One of the major pitfalls of systemic education improvement is this: Too many schools and districts begin a promising new initiative only to toss it aside before it has a chance to become part of the organizational culture and make a difference. Within this graveyard of discarded initiatives are thousands upon thousands of dollars spent on professional development, curriculum programs, innovative processes, and unfulfilled hopes for better student achievement.
In our never-ending quest to locate the next “shiny object” cure for our challenges, we sometimes overlook an important facet of school and student improvement that is fully within our control: the power to finish what we started.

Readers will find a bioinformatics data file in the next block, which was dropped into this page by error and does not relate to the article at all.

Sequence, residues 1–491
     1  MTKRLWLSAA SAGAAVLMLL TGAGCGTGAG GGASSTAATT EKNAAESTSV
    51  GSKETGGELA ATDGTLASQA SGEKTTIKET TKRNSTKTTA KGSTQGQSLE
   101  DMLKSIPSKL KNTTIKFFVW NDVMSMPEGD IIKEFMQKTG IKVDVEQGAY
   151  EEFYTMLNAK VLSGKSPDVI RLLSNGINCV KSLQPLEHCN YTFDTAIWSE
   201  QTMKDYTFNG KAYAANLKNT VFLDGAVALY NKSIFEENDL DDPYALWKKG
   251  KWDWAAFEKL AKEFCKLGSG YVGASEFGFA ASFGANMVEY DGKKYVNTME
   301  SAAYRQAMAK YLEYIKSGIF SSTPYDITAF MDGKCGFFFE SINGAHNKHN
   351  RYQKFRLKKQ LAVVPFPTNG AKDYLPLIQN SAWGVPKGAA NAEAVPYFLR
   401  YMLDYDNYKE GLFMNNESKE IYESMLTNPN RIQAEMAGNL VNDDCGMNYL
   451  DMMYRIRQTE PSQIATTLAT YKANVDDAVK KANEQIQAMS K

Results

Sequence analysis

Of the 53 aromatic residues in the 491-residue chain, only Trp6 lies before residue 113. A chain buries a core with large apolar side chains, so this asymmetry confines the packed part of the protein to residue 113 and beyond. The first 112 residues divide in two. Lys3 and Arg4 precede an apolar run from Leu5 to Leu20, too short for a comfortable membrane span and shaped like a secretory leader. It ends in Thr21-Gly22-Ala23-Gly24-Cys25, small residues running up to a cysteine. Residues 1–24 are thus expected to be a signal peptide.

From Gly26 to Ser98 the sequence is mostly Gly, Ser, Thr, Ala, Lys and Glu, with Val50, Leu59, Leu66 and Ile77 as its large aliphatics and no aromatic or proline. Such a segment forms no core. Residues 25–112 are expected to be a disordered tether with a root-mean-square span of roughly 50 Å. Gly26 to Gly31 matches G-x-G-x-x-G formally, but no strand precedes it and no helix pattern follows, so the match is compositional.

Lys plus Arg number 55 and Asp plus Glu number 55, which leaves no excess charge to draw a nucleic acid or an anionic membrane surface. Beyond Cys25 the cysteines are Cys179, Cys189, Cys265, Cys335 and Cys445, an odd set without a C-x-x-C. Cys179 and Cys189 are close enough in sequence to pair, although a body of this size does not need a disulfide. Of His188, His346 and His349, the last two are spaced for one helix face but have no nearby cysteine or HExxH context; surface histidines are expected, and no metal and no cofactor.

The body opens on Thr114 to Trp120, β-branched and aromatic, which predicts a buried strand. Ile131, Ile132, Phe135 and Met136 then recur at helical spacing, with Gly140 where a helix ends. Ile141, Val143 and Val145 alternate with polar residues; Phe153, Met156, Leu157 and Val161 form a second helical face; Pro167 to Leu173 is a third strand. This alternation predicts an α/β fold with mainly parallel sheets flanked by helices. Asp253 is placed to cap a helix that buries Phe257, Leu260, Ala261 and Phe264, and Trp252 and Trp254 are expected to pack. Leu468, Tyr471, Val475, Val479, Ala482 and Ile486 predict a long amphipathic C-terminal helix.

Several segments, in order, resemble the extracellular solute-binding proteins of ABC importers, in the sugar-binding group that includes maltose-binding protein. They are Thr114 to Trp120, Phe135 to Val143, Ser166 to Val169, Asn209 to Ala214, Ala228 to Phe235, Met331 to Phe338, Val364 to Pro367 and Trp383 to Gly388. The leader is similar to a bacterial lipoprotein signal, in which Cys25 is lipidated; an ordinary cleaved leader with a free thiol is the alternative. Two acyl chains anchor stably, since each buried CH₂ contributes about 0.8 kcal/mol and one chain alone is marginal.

Why do we so often fail to bring our many important initiatives to fruition? Part of the answer lies in addressing the fallacies that often form our belief system.